Children who receive instruction based on the science of reading are more likely to develop strong literacy skills. This foundation is crucial not only for reading but also for overall academic performance and lifelong learning. While explicit literacy instruction does no harm to any learner, it can be essential for struggling learners. It provides a secure start to academics for all students.

Early Intervention

Understanding the science of reading can help you identify early signs of reading difficulties. Early intervention is key to addressing these issues before they become significant obstacles to learning. Children in school should be assessed regularly for reading skills and their progress should be monitored closely. It’s not uncommon for students to begin well and go on to struggle, or vice versa. It’s important to keep track of progress.

Empowerment and Confidence

When parents are equipped with knowledge about the science of reading, they can better support their children’s learning at home. This support boosts children’s confidence and motivation to read.

Resources for Learning the Science of Reading

Note: Some links on this page are affiliate links. If you make a purchase through a link, I make make a small commission.

There are many resources available to help parents learn about and implement the science of reading:

Recommended Reading

  • The Reading Mind by Daniel Willingham – This book explains the processes that happen in our brain when we read in an accessible and entertaining way.
  • Reader Come Home by Maryanne Wolf – Dr Wolf brings her expertise on the reading brain to the subject of digital content consumption and modern distractions.
  • Language at the Speed of Sight by Mark Seidenberg – A book that delves into the cognitive science of reading.
  • Teach Your Child to Read in 100 Easy Lessons is a great book for parents who want to give their kids a strong start in phonics. It’s not intensive enough for kids who really struggle, but it is great for kids who need a boost to get started as readers.

Online Resources

Science of Reading in print media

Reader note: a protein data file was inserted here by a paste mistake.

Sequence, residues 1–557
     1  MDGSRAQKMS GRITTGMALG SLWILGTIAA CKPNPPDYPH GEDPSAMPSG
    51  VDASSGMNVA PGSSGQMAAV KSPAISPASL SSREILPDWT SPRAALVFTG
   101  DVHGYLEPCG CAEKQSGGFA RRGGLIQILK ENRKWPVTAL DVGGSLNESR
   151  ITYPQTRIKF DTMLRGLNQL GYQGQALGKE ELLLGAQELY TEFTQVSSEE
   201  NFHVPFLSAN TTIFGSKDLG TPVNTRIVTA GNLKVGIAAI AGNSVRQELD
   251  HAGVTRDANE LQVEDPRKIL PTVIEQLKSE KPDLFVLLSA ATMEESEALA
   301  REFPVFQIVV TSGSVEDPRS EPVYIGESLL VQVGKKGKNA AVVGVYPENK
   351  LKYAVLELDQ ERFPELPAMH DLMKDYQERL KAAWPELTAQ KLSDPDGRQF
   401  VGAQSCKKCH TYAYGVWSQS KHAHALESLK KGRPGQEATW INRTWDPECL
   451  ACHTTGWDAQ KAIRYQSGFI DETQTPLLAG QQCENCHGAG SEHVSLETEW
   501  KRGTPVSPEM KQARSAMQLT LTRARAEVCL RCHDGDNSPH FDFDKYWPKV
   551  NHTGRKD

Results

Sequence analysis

• In 2024, the Boston Globe’s coverage of literacy instruction in Massachusetts stirred many parents and school districts into action.
  • Emily Hanford’s 2020 piece, “What the Words Say,” tells the heartbreaking story of kids who struggle to read, and describes it in the larger context of research, politics, and economics. 

Supporting Your Child’s Reading Journey

As a parent, there are several practical ways you can support your child’s reading development:

Create a Reading-Friendly Environment

  • Establish a quiet, comfortable reading space at home.
  • Provide a variety of books that cater to your child’s interests and reading level.
  • Encourage kids to read magazines, recipes, menus, websites, and even Pokemon cards!

Practice Regularly

  • Set aside time each day for reading activities.
  • Read aloud to your child and encourage them to read to you.

Engage in Discussions

  • Talk about the stories you read together.
  • Ask questions that encourage your child to think critically about the text.

Monitor Progress

  • Keep track of your child’s reading milestones and celebrate their achievements.
  • Seek professional help if you notice persistent reading difficulties.

More resources

To provide additional support and resources, consider exploring the following pages on our site:

  • Orton-Gillingham Tutoring Services – Contact us to find out more about how individualized explicit reading tutoring, using the Orton-Gillingham approach, can help your child overcome reading challenges and become a confident reader and writer.
  • Dyslexia Resources – When learning to read does not proceed smoothly, students may be diagnosed with dyslexia. Dyslexia is a lifelong condition and getting your child the teaching and accommodations they need can make their lives better.

Conclusion

Understanding the science of reading equips parents with the knowledge and tools necessary to support their child’s literacy development. By implementing evidence-based practices at home, you can foster a love of reading and ensure your child has the skills needed for academic success and beyond. Embrace the journey of learning to read together, and watch your child’s confidence and abilities grow.